Costs & verdict
Everyday costs, plus how reliable and safe it is
Costs, insurance groups, MPG and CO2
Keen list prices and competitive PCP finance rates make the Superb Estate a shrewd private buy, but you'll pay even less if you look at our New Car Buying pages. Competitive servicing costs also make the best-selling versions relatively cheap to run, although the Superb's depreciation over three years isn't as impressive (that's the percentage of the list price that you lose) as it is on premium alternatives, including the BMW 3 Series Touring.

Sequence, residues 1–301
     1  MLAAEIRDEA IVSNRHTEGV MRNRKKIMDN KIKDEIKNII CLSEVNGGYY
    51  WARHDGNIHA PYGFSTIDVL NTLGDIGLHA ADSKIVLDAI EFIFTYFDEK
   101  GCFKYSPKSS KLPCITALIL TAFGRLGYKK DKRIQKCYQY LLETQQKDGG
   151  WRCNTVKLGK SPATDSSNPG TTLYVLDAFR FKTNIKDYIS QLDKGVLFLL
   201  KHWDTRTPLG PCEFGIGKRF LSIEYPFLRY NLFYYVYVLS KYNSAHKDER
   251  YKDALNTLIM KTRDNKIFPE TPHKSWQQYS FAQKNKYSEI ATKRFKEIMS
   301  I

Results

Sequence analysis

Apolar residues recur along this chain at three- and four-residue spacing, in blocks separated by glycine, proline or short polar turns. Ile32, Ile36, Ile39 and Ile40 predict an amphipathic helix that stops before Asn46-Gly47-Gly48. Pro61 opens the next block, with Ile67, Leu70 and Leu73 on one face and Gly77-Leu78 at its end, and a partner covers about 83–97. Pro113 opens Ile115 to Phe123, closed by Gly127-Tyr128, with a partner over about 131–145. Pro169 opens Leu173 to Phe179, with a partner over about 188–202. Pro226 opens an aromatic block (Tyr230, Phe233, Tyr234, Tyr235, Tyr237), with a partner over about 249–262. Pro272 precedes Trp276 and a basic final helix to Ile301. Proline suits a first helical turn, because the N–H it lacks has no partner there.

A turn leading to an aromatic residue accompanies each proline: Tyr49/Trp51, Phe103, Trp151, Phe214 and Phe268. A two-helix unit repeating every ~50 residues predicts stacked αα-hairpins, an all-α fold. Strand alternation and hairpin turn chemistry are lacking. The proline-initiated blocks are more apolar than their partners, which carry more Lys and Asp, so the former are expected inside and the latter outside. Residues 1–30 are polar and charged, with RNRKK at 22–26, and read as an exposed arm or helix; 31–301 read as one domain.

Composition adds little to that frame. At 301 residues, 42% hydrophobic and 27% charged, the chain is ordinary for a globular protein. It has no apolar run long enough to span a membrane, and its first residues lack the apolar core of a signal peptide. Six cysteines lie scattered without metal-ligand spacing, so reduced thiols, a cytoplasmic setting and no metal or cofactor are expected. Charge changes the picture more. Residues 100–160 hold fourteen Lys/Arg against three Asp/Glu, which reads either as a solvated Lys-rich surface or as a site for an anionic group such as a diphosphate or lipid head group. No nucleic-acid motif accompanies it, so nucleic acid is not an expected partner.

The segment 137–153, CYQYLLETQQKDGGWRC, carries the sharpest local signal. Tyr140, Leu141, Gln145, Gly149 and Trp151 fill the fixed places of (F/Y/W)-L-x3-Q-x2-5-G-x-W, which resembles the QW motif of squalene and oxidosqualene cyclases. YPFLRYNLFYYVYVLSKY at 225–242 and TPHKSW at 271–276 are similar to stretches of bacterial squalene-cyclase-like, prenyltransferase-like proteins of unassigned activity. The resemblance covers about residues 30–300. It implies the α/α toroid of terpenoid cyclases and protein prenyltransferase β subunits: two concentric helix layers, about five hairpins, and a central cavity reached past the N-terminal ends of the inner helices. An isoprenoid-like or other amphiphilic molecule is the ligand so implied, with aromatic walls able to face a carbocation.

If you're a company car user then there's little doubt that the best version is the plug-in hybrid 1.4 TSI iV 218. With low CO2 emissions and a reasonable electric range, its benefit-in-kind tax band is lower than any petrol or diesel – although not as low as some smaller plug-in rivals.
Step up to SE Technology and the additions include leather upholstery, heated front seats, an electrically adjustable driver’s seat, privacy glass and adaptive cruise control.
However, if you can afford it, we’d recommend stepping up to our favourite SE L trim. This brings 18in alloy wheels, dynamic indicators, keyless entry and an electrically operated boot – plus the Matrix LED headlights we noted in the visibility section. Beyond that trim, the equipment lists get longer but the price advantage of the Superb Estate starts to wane.